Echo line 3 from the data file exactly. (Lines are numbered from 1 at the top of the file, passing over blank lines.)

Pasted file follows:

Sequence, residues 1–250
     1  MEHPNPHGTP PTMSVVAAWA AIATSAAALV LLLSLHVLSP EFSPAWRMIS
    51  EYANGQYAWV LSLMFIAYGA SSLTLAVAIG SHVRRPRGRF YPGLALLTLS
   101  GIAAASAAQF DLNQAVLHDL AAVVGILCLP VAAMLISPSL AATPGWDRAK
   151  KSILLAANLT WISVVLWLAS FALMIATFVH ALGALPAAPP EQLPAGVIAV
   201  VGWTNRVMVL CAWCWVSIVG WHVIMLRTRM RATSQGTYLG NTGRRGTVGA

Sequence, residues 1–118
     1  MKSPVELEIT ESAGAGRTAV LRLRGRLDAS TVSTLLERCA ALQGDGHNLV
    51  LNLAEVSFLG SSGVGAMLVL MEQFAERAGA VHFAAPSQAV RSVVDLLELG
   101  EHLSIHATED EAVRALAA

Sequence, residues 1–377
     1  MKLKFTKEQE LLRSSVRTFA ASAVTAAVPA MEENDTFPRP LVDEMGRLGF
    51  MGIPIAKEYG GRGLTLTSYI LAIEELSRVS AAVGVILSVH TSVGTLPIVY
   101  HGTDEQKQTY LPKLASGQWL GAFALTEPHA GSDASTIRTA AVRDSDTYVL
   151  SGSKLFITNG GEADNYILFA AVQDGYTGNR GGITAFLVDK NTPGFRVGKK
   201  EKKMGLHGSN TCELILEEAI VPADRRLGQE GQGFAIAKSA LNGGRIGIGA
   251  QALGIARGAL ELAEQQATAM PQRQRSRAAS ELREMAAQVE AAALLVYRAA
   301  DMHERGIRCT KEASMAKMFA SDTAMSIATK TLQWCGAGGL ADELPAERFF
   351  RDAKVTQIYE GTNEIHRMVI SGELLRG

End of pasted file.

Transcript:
    51  EYANGQYAWV LSLMFIAYGA SSLTLAVAIG SHVRRPRGRF YPGLALLTLS